While looking through my iPhone apps this morning, I found it disturbing that I really do not know what data all these mobile apps on my phone are collecting. We should not have to browse to a mobile app site to read their privacy policies – only to find out that we have limited choices, if any at all (if we want to use their software), in restricting the personal data that they collect.
What is going on, according to experts, is that applications like Angry Birds and even more innocuous-seeming software, like that which turns your phone into a flashlight, defines words or delivers Bible quotes, are also collecting personal information, usually the user’s location and sex and the unique identification number of a smartphone. But in some cases, they cull information from contact lists and pictures from photo libraries. –NYT
Mobile apps are still in Wild Wild West mode where privacy invasion has become a runaway train. With more than 1 million mobile apps available to download, many free – at what cost to you is free? Maybe you inadvertantly allowed the app to collect your email address for marketing purposes, or gave it access to your contact list. If an app does not have settings to control your privacy or to control access to your contacts or other personal data – don’t use that app!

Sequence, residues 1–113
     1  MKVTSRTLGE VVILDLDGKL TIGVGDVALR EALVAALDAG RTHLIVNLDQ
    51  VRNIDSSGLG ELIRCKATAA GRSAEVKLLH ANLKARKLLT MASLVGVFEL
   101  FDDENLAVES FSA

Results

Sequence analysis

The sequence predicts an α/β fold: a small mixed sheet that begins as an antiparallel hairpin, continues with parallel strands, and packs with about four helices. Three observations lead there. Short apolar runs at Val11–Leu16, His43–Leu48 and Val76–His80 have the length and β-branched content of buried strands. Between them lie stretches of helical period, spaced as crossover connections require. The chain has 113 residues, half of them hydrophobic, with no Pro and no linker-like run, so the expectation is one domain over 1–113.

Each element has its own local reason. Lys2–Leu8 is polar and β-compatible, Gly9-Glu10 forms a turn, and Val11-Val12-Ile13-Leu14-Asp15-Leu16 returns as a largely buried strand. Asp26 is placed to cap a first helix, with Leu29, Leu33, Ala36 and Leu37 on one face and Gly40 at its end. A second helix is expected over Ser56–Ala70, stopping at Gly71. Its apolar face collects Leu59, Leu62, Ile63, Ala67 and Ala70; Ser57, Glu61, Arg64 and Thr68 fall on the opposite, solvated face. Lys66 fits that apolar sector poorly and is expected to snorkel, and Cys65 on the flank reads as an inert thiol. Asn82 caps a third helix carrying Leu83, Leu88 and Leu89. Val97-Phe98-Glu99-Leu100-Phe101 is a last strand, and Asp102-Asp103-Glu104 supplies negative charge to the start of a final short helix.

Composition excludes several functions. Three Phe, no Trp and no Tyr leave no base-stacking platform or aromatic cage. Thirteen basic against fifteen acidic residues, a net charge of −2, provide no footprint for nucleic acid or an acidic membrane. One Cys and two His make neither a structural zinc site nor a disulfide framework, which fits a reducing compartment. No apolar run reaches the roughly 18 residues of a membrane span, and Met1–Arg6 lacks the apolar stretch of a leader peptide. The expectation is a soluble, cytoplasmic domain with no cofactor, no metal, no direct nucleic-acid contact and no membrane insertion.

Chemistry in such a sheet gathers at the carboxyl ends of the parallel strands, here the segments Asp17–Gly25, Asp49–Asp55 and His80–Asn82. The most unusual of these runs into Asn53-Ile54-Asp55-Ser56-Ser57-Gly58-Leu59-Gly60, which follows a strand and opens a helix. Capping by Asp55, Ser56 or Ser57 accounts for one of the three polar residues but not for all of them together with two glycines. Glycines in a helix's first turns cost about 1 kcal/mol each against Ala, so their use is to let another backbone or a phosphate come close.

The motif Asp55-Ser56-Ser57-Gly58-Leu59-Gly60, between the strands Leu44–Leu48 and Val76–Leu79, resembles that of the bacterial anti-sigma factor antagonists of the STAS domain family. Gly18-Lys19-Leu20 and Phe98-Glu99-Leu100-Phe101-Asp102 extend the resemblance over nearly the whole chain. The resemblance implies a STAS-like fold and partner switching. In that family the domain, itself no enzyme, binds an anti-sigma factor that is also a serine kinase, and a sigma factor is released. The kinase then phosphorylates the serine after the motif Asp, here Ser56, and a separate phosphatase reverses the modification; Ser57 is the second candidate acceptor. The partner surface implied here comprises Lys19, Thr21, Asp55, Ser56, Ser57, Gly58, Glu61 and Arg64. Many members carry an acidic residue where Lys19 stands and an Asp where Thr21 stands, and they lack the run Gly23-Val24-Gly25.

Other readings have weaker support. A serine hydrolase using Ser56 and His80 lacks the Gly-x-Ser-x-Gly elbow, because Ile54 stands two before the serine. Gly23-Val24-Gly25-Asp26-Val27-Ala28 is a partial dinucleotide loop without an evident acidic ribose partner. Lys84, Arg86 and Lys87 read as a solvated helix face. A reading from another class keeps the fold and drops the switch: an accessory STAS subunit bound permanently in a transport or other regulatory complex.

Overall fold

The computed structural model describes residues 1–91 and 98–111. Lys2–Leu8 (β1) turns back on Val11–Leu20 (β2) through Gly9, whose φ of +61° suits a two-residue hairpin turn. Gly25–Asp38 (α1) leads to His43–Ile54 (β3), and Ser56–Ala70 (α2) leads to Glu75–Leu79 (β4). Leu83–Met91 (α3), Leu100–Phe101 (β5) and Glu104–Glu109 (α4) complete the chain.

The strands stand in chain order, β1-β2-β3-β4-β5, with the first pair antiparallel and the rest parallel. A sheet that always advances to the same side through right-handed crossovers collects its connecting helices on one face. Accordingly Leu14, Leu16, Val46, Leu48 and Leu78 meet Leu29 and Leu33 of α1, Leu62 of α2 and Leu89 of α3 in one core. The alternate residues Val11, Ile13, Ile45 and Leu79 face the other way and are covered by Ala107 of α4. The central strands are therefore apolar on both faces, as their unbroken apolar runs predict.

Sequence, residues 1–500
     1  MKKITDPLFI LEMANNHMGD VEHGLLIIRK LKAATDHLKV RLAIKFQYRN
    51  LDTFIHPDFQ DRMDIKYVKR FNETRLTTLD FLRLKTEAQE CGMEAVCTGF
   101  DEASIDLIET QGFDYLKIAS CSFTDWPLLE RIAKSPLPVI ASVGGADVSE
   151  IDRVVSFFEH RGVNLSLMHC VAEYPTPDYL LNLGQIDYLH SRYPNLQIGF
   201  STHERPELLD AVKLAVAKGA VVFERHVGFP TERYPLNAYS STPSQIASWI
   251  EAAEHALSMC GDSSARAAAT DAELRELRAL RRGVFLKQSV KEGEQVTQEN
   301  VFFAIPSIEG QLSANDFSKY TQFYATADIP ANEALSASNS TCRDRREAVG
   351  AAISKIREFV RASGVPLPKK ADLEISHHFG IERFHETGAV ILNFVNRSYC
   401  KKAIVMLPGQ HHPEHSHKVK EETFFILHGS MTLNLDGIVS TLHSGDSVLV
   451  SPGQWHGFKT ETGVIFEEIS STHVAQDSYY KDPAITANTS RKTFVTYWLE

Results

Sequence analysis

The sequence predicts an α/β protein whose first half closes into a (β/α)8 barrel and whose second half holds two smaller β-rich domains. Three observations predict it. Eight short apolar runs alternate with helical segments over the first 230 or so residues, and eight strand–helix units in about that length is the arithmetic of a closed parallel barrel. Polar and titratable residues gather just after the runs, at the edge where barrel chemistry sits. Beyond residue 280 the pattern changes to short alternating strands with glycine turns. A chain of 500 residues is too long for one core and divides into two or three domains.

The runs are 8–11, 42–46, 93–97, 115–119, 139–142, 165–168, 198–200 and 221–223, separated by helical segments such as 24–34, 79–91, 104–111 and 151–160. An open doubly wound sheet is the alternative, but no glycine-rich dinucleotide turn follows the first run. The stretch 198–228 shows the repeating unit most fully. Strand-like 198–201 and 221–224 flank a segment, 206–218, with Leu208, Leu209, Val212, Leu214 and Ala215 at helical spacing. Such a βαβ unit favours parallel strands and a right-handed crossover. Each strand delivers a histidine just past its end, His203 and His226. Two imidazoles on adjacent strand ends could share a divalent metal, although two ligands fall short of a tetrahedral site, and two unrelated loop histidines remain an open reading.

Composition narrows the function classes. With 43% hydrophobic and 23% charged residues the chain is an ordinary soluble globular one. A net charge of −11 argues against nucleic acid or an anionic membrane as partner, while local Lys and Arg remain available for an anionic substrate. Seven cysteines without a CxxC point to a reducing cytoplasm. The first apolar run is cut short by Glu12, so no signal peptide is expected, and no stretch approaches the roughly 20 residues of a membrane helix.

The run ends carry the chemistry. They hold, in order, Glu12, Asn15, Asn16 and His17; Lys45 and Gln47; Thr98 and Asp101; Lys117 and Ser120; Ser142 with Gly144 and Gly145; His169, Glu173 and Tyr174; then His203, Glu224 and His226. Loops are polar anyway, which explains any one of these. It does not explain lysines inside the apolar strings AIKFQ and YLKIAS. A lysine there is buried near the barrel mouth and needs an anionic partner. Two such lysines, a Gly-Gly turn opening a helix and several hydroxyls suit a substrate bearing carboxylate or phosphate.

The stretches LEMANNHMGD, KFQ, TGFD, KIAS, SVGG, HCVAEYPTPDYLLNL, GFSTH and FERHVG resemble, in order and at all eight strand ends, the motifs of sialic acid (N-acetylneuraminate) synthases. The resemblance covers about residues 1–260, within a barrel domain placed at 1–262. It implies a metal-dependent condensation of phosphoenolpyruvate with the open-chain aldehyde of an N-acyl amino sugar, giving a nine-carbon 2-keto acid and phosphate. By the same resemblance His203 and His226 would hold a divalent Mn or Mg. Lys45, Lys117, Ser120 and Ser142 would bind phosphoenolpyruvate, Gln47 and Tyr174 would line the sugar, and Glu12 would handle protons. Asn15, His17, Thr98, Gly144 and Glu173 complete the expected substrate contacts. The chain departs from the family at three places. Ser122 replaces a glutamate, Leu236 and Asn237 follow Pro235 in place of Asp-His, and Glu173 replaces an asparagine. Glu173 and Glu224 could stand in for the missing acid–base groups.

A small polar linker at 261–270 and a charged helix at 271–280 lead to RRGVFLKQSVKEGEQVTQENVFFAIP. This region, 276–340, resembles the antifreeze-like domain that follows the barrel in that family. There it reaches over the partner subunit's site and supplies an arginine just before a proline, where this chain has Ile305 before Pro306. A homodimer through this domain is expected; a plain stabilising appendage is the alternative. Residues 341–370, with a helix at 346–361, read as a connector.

The Federal Trade Commission (FTC) recently published a guide for mobile developers, Marketing your Mobile App: Get it Right From the Start - encouraging developers to understand and utilize advertising and privacy rules prior to creating a mobile app. Unfortunately, there are way too many app developers who do not respect user privacy.
The publication follows agency actions against two mobile app developers regarding information collection and product claims. In one such agency action, an app developer paid $50,000 to settle FTC charges that it failed to require parental notice and consent before collecting and disclosing children’s personal information. A second developer settled with the Commission after claiming without proper substantiation that its mobile app treated acne. Advertising claims and privacy issues both have special importance for digital health and mobile health developers because of heightened advertising and privacy concerns for products that make health or safety claims or collect medical information. –JDSupra | Legal News
Privacy dangers lurk in ubiquitous data-gathering mobile apps and the more knowledge that we gain in this area – the better informed we become in making wise app choices.